A silver Audi sedan, followed by a black Lexus, and an BMW M40i SUV, queued up for the Secret Service canine to sniff around their vehicle. These were followed by a long line of other luxury rides snaking down Cypress Way, all heading toward a mid-day fundraiser featuring Vice President Kamala Harris, June 30.
“It’s good,” a Los Gatos-Monte Sereno Police Department officer at the Blackberry Hill Road checkpoint said opaquely, when asked how he felt about the day’s assignment.
There was no need to fret about the slow-moving line, as Harris was running late for the event at the home of Microsoft Chief Technology Officer Kevin Scott and his wife Shannon Hunt-Scott, in support of the Democratic Grassroots Victory Fund.
Several yards away, Jack Fordyce, 28, who lives nearby and was out for some exercise, said he was excited to hear the vice president was visiting his neighborhood.
“It’s crazy,” he said. “It’s pretty mind-blowing.”
After all, Los Gatos can sometimes seem like it’s out of the way, but then suddenly something like this will happen, he added.
“I usually say I’m from the South Bay,” he noted, pointing to how unaware many are of this corner of the Bay Area.
“It’s rare,” he said, considering how it felt to have a motorcade of the second-in-command of America’s executive branch pass through where he and his parents reside.
Retiree Hana Itani, a resident of Montezuma Hills, joked that perhaps her invite got lost in the mail.
‘It was wonderful to see a great collection of nonprofit, philanthropic and private sector leaders in our community rally to support our vice president’—San Jose Mayor Sam Liccardo
“Maybe they sent me something and I didn’t respond,” she said, of the fundraiser that reportedly cost $1,000-$10,000 to attend. “It’s fine.”
Itani said she was pleased Harris was involved in a “conversation” organized in-part by Electing Women Bay Area, an group that calls itself “a community of like-minded donors who come together in support of Democratic women running for President, US Senate, and governorships,” adding she hopes it will inspire local women.
Itani said if she had been able to meet with the vice president, she’d tell her to focus on the economy and creating opportunities for struggling Americans.
“I don’t want our country to be dragged into wars and stuff like that,” she said. “They keep sending money overseas (that) they don’t know how it’s (being) spent.”
And she’d tell Harris there’s a difference between just existing and truly living.
“We don’t want to be a Third-World country,” she said. “This is the land of opportunities. This is a beautiful land.”
Beforehand, State Assembly candidate Gail Pellerin, a Democrat who wasn’t planning on attending the afternoon gathering, said she was glad to hear Harris was participating in the Electing Women Bay Area event.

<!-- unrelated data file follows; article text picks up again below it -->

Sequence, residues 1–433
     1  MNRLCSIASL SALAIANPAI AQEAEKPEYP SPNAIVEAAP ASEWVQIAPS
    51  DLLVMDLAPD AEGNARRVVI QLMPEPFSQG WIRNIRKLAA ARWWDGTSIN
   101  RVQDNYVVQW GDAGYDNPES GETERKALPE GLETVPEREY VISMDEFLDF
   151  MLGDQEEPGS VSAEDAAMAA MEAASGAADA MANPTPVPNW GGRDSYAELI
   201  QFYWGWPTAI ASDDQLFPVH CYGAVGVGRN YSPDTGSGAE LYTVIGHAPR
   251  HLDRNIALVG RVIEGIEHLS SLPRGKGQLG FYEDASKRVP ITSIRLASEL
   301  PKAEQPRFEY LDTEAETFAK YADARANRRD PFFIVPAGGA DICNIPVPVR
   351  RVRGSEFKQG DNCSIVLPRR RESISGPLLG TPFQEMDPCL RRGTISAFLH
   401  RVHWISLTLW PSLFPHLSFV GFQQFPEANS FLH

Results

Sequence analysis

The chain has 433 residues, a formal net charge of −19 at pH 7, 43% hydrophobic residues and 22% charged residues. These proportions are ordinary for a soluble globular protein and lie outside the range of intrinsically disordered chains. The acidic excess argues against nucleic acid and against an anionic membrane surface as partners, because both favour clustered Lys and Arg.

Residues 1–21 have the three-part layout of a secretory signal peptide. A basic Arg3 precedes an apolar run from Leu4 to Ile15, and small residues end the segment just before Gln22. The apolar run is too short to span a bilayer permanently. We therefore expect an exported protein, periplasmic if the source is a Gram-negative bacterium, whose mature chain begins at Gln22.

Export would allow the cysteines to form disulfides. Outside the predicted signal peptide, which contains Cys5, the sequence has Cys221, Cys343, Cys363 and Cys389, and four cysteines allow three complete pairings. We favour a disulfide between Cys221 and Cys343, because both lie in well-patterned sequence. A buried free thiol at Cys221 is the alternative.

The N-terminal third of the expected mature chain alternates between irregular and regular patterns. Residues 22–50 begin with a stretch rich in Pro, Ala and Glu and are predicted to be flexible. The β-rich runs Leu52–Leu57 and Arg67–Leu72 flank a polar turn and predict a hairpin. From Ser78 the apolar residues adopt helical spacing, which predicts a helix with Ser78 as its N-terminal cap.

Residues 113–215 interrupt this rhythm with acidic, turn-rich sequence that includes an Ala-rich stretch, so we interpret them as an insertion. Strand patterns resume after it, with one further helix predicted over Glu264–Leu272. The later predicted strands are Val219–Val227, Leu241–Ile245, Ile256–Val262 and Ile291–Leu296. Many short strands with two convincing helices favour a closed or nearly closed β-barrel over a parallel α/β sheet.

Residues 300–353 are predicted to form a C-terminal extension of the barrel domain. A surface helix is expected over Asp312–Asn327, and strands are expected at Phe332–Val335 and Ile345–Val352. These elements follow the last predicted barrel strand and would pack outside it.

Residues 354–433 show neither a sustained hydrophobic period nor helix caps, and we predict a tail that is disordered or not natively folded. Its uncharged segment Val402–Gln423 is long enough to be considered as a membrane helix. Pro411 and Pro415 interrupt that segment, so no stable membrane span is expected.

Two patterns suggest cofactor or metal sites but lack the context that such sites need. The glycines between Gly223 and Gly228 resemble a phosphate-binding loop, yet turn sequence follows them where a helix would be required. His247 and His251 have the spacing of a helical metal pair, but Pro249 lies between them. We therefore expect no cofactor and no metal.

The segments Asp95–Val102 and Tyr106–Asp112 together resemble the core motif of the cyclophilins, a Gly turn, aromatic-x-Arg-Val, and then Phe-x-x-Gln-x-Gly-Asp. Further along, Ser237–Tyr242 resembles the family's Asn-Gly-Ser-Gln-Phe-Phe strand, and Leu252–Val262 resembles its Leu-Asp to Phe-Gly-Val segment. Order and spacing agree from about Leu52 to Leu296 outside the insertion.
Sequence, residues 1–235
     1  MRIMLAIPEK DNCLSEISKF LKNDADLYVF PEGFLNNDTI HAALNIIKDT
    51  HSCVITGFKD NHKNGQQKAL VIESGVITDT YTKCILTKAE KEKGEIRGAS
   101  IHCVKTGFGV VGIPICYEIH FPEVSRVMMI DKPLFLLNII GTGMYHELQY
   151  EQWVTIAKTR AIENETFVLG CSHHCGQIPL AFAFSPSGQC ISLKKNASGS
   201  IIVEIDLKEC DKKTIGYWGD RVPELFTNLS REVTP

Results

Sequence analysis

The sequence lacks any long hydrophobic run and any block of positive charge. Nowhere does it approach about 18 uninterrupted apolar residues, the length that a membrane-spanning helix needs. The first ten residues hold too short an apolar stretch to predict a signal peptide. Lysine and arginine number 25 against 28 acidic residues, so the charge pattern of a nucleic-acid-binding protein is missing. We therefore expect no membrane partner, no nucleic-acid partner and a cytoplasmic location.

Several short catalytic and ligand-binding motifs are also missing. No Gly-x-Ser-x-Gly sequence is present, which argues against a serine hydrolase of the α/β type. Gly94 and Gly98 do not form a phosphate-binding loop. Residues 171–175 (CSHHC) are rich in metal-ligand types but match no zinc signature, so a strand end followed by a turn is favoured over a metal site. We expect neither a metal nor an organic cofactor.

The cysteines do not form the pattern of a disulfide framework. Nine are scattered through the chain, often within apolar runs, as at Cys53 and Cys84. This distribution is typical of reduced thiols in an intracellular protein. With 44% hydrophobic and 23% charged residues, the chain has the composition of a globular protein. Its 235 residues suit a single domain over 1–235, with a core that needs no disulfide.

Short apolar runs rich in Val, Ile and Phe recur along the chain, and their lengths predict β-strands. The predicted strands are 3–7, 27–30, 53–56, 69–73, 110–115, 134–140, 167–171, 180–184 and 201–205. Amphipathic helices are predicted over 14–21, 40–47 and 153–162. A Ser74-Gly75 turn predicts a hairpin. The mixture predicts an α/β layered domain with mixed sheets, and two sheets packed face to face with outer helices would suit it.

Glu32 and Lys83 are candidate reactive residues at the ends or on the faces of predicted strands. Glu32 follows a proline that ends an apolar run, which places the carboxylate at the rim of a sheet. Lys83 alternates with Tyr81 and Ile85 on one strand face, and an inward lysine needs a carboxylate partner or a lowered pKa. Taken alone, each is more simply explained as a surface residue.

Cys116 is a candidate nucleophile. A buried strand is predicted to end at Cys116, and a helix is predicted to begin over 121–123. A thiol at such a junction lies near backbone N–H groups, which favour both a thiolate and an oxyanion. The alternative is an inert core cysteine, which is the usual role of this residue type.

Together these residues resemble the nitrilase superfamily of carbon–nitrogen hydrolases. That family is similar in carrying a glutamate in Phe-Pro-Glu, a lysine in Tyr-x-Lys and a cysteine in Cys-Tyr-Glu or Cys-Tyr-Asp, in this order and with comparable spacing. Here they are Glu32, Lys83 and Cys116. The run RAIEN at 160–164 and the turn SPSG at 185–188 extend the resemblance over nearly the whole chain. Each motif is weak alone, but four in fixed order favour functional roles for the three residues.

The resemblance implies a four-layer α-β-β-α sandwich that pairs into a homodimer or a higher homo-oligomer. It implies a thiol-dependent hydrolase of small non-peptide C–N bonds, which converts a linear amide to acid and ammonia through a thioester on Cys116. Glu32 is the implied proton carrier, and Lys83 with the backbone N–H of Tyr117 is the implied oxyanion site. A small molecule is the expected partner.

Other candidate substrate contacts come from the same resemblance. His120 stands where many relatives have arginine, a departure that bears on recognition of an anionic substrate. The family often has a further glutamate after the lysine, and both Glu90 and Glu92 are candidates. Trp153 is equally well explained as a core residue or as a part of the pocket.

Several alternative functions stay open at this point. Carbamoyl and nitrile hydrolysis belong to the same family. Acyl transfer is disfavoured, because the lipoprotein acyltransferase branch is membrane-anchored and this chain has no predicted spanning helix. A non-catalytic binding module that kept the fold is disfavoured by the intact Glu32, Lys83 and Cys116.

Pellerin has previously encouraged prospective female candidates to run for elected office through Women in Leadership for Diverse Representation’s community workshops. As a rookie contender for higher office, she says it can be challenging to navigate the complicated landscape of training, fundraising and networking.
“In order to get parity in state legislatures and Congress, we need to help women get elected—and money’s a big piece of it,” she said. “You spend a lot of time dialing for dollars, and it really makes a big difference in how well you can get your message out there.”
“I’m learning so much about different organizations in the state,” she said. “It would be great if there was one website where it was all listed.”
Just before 3pm, the security officials did their last sweep of the area, as a red helicopter cruised by overhead—with two legs dangling out one side, as the crew surveyed the landscape for threats.
Suddenly, a driver pulled his white SUV to the side of the road, and an official demanded to know if he lived at that address.
Looking terrified, the driver replied “delivery.” The vice-presidential protector didn’t quite get the message, saying, “Live here?”
The miscommunication was quickly resolved, and the worker was informed he’d have to descend and tack an extra 30 minutes on to the order-in-progress.
Then, a steady stream of police motorcycles and big black SUVs cruised up the hill, as the Vice President was ferried to the Aztec Ridge Drive mansion.
San Jose Mayor Sam Liccardo was one of the dignitaries in attendance. Because Harris arrived later than anticipated, he had to jet out before the event’s conclusion.
But, he said he was still glad he went, particularly given the context of the recent move by the Supreme Court to cancel the long-standing Roe v. Wade abortion decision.
“It was wonderful to see a great collection of nonprofit, philanthropic and private sector leaders in our community rally to support our vice president—and her call for us to stand up for women’s rights and civil liberties,” Liccardo said.